This online RPG might leave you a little cross
Imagine, if you will, a Diablo game set with a sci-fi world, available on mobile devices worldwide. It’s also free-to-play. Now before you start drooling to the point of flooding your home (like I did), let me bring you back down to earth: this is what Operation CrossCounter looked like at first glance.
The concept is pretty simple: you control a custom-made anime-style space hero equipped with the cyber weapon of your choice. Swords, hammers, rifles, and rocket launchers make up just a portion of all the attractive options at your disposal. After setting up your gear, you’re free to explore missions and protect humanity against an evil AI onslaught.
At least that’s what you should be able to do.
Of all the things that CrossCounter decided to take from Diablo, it was the form of always-online gameplay. And just like the fatal Error 37 bug, I couldn’t get my game to run half the time I wanted to play it. Strangely enough, the game allows you to enter missions with AI partners if you can’t get any other characters in your lobby, but it still doesn’t let you play offline in any manner.
In addition, the game’s in-app currency function was broken at the time of writing as well. You can still do the old-school “download this or that app in order to make a few cents” method, but I never felt the need: the game offers you a decent amount of free currency to start, at least allowing you to customize a few things before your first time in the field.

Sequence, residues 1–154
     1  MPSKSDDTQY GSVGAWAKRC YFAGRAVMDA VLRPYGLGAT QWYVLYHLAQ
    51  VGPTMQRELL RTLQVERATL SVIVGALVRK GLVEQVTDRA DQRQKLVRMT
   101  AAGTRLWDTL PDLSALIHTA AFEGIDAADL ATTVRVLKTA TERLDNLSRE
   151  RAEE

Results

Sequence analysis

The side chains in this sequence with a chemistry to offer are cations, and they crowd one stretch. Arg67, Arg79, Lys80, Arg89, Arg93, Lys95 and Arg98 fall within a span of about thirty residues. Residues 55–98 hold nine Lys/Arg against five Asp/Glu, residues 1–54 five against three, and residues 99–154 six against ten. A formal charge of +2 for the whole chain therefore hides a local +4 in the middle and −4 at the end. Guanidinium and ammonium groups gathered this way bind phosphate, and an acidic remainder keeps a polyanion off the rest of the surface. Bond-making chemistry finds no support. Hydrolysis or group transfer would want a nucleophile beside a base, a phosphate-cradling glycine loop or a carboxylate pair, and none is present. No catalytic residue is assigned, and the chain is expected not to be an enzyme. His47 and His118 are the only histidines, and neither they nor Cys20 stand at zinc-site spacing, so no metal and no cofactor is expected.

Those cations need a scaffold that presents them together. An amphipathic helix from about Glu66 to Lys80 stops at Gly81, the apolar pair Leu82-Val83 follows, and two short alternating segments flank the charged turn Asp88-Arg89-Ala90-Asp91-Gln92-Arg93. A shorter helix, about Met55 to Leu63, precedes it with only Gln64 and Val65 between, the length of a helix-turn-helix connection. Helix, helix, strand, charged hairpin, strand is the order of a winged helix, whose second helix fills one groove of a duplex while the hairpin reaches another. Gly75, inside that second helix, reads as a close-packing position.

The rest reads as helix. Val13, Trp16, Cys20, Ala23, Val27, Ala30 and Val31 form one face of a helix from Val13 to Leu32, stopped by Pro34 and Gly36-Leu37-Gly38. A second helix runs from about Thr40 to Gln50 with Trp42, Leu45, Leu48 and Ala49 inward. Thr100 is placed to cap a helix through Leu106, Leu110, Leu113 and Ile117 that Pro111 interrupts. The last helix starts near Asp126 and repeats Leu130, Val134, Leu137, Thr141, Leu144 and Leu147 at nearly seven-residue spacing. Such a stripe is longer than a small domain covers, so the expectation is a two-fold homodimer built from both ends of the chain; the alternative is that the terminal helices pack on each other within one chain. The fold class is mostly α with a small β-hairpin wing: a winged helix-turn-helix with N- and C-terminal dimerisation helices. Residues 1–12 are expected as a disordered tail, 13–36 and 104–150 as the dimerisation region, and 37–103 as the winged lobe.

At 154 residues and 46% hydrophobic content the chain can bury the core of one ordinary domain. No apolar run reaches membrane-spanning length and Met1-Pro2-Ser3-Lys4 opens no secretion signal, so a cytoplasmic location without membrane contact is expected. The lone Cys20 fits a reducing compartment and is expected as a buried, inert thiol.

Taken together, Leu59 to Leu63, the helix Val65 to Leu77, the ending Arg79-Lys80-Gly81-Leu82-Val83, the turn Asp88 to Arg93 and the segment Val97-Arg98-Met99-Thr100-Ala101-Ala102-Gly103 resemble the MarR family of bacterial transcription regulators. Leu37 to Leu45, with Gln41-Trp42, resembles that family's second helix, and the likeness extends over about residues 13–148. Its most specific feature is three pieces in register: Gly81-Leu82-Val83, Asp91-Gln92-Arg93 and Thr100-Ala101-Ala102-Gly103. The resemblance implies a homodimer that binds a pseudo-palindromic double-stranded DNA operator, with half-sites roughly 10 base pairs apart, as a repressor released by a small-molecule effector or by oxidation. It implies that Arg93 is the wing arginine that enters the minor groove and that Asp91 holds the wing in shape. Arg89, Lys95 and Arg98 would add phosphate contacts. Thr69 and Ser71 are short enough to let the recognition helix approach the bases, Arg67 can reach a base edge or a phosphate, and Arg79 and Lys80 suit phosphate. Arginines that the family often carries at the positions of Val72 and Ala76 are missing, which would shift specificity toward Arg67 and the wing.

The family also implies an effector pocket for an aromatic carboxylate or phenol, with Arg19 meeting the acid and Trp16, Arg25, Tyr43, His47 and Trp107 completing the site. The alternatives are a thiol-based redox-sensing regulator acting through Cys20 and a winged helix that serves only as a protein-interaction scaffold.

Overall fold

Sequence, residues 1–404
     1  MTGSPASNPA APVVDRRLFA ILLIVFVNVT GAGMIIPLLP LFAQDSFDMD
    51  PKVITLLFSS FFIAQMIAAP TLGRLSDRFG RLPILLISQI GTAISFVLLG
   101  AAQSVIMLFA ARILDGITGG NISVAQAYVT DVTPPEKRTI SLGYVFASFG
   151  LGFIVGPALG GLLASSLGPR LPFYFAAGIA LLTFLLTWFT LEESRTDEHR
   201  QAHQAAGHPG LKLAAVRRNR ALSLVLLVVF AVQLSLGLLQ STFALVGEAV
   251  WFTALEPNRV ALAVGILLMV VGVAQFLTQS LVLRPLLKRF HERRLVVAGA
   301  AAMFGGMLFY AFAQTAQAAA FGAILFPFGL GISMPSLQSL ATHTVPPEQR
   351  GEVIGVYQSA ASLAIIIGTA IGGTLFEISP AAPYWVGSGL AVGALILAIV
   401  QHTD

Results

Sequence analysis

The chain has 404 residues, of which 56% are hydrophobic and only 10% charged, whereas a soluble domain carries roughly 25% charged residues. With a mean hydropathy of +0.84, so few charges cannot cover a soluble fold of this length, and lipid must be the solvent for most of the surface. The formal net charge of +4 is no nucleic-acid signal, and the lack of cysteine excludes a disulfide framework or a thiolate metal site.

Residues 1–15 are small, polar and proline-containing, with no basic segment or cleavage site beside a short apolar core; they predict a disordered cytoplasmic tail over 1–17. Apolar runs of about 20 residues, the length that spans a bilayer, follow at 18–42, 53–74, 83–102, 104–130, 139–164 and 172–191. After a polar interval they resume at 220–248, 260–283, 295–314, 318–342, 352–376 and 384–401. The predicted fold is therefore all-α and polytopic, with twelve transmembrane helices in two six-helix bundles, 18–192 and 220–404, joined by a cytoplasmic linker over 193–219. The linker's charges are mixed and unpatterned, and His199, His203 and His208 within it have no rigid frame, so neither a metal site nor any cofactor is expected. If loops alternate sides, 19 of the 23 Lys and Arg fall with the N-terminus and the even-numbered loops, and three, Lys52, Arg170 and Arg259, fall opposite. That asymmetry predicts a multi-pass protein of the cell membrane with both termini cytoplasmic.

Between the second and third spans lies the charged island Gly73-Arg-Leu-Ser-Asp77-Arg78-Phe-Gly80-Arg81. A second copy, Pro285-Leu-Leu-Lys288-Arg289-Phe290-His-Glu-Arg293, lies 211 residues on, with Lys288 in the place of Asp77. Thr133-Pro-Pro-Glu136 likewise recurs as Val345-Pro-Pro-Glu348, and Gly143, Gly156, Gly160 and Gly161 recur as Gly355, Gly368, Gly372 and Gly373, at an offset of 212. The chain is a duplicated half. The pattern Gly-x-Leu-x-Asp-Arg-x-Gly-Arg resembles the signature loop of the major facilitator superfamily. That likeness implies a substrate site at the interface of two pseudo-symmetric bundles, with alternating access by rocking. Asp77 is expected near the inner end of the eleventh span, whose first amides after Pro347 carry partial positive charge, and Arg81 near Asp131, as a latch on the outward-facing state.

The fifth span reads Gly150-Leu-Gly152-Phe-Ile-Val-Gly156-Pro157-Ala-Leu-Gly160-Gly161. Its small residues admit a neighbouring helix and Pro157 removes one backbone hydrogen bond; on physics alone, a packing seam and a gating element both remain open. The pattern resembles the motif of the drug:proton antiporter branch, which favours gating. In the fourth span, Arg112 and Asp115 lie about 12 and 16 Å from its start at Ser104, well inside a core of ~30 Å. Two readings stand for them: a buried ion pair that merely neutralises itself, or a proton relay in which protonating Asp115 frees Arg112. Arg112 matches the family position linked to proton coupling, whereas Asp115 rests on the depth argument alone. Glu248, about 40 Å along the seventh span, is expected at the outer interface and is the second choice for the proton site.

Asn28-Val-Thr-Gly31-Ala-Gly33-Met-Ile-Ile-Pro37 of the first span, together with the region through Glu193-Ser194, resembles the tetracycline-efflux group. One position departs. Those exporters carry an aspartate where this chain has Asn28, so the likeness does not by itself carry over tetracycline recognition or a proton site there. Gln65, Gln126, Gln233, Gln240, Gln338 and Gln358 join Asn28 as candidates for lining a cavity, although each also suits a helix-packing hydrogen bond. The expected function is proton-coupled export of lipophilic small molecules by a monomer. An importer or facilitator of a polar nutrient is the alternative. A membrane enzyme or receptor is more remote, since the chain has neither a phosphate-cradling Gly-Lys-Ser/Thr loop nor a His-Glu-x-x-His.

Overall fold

The missions themselves, when actually working, are fun, but underwhelming. You and two other companions (human or AI) cooperate to complete a few randomized mundane tasks, such as capturing an outpost, escorting a convoy, or destroying all enemies. Each mission only takes around three to five minutes to complete before jumping you back into the game’s lobby.
The real shame here is that the game could be addicting if it offered large, complete environments instead. Even at its scaled down size, there’s something about whacking machines around with my spinning hammer that made me want to blow as much up as I could. Each weapon comes with just one attack and two abilities, but that still didn’t stop my desire for non-stop destruction.
After each mission, you’ll gather experience, currency, and the occasional item. Unfortunately, there isn’t a tutorial that explains anything about allocating your points or cash. I spent hours of the game thinking I had spent all of my reward points, only to find out much later that there are three separate tabs of upgrades to sift through each time you level up. There’s plenty of depth once you get a grasp of everything, but the sloppy menu system makes it pretty hard to learn.
In the end, Operation CrossCounter is a game that I want to enjoy, but simply couldn’t get into. I wanted dungeon-like areas to explore instead of tiny missions. I wanted upgrades and loot in a system that was easy to understand. And I also wanted to be able to play consistently without having connection problems. CrossCounter represents a clear opportunity for an online isometric RPG experience on iOS, but the genre still has plenty of obstacles to climb before it can become a genre I’d truly recommend on handheld devices.